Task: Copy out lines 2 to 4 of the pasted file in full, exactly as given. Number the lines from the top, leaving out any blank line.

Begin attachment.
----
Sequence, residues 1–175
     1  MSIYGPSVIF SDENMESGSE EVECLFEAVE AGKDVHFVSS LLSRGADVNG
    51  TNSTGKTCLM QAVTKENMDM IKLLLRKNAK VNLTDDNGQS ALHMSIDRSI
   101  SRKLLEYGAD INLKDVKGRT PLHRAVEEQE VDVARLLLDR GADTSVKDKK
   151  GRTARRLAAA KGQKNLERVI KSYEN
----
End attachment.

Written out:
     1  MSIYGPSVIF SDENMESGSE EVECLFEAVE AGKDVHFVSS LLSRGADVNG
    51  TNSTGKTCLM QAVTKENMDM IKLLLRKNAK VNLTDDNGQS ALHMSIDRSI
   101  SRKLLEYGAD INLKDVKGRT PLHRAVEEQE VDVARLLLDR GADTSVKDKK